Fanciers of keyboard athleticism will be drawn to CD 2’s glittering birds-of-paradise. Alkan is represented first by a meditative miniature, however, ’La vision’, which gently spans three minutes, followed by a major work, the four-movement Sonatine, op. 61, composed in 1861 during the composer’s self-imposed isolation. Whatever Alkan’s curious reputation, this music, although demanding, is stylistically appealing and fairly familiar in its echoes of Schumann and Mendelssohn, with quirky touches added. The Scherzo is like a brilliant Moskowski encore expanded to three times its length, making room for a jaunty middle section. Alkan climbs high on his soapbox for the finale, and Lewenthal plays it with thunderous, dazzling exuberance. His performance makes you forget charges of vulgarity, which otherwise would pass in any court in the land. In the category of fireworks as an end-all and be-all, Thalberg is represented by the kind of operatic paraphrase that made concert pianism a competitive sport in the age of Liszt and long afterwards. The two Rossini operas in play, THE BARBER OF SEVILLE and MOSÈ IN EGITTO, are given the full Monty but in a loving, light-hearted manner. There is some agreeable delicacy in the MOSÈ extracts. Lewenthal’s mastery of repeated thirty-second notes in the BARBER Fantasy have to be heard to be believed.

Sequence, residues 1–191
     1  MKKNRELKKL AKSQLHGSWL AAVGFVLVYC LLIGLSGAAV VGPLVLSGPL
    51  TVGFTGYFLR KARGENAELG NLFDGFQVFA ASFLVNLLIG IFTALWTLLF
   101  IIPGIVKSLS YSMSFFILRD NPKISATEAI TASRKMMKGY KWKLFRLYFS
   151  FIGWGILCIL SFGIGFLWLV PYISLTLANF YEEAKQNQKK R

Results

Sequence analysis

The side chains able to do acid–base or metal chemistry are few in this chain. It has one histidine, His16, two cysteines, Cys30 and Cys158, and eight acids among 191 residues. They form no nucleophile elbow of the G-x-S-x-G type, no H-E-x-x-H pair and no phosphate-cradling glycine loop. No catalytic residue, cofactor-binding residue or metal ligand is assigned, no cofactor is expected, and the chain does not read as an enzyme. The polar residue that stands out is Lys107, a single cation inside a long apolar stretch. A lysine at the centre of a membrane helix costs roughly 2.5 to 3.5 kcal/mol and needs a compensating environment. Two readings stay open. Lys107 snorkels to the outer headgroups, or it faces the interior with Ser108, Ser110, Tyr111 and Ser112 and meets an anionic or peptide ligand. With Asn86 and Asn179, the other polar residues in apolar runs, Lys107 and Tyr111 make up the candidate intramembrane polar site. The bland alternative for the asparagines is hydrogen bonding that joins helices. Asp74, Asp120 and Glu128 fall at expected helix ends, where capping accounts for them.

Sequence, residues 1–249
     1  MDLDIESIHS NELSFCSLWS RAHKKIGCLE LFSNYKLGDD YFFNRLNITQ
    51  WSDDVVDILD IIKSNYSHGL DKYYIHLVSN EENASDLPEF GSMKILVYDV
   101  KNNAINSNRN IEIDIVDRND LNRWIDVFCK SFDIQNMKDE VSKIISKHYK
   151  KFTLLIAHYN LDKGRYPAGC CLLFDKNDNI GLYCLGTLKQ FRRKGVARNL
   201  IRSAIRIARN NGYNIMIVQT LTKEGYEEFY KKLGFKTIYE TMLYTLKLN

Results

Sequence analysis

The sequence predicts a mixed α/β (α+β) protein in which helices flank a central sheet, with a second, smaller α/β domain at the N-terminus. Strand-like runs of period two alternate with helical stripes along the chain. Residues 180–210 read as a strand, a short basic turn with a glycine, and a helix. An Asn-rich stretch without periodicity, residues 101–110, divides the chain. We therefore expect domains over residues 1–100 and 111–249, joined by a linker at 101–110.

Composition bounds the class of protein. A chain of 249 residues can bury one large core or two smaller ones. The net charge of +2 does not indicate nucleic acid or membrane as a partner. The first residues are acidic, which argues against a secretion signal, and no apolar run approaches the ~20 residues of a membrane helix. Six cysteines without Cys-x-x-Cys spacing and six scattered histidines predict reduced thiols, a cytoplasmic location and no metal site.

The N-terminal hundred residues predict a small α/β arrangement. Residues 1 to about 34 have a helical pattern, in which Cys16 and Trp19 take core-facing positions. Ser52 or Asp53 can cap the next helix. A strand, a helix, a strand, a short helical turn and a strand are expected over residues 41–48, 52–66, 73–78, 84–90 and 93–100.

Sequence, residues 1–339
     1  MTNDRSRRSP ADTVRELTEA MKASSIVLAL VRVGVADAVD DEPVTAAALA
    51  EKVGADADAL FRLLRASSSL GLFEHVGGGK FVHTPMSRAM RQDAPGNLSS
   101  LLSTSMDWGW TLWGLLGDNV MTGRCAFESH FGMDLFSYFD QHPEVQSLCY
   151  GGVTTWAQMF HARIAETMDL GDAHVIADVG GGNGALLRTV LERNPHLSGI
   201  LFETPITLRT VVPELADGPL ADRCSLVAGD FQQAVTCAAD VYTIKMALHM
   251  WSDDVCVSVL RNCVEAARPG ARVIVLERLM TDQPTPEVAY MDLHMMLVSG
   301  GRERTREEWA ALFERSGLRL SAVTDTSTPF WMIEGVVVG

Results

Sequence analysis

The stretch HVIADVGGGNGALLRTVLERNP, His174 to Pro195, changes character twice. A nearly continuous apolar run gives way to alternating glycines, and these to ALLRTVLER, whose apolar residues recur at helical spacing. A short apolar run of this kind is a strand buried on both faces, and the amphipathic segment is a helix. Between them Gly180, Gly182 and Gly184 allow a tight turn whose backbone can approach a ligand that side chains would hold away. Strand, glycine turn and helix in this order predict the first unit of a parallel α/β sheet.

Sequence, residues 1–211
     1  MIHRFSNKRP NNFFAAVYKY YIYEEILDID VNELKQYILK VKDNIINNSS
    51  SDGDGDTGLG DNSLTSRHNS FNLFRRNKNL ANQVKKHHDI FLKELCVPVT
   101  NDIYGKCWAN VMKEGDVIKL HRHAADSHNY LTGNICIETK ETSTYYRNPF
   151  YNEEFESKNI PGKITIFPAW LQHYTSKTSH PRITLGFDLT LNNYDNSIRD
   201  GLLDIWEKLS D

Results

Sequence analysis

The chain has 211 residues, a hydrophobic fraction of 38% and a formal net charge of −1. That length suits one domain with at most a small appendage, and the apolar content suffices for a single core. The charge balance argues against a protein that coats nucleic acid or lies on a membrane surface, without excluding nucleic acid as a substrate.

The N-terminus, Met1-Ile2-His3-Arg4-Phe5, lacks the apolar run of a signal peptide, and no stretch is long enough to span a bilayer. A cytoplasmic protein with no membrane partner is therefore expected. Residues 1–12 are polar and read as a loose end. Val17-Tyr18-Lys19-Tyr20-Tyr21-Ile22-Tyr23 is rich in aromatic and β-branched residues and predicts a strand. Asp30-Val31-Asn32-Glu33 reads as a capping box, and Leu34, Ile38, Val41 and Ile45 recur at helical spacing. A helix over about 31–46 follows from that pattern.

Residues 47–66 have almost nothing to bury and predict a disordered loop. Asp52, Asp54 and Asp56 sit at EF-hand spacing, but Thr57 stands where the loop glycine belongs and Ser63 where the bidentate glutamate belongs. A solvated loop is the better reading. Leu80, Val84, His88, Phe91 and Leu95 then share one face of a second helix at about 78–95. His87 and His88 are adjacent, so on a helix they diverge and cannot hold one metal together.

The last three numbers on the program are highly varied, aiming to rouse the audience by first astutely inserting two modest encores, the Polka from Shostakovich’s AGE OF GOLD ballet (very wittily done) and Lewenthal’s heartfelt arrangement of a Rachmaninoff romance, ‘How fair this place’. But no one would want to go out into the night without a bit of brilliant fun, which is delivered in Johann Strauss’s self-described musical joke, ‘Perpetuum Mobile’, which Lewenthal arranged to display a combination of adroit delicacy, sophisticated humor, and just a dash of fortissimo panache.

I realized well before the end that I had seriously underestimated this wonderful musician. This release turned out to be one of the best piano releases of the year. The audience is fairly quiet, with little to no coughing and abbreviated applause after each number. There are few audio artifacts except for occasional crackling and very light tape hiss, both easily ignored. Strongly recommended to pianophiles and general listeners alike.”

- Huntley Dent, FANFARE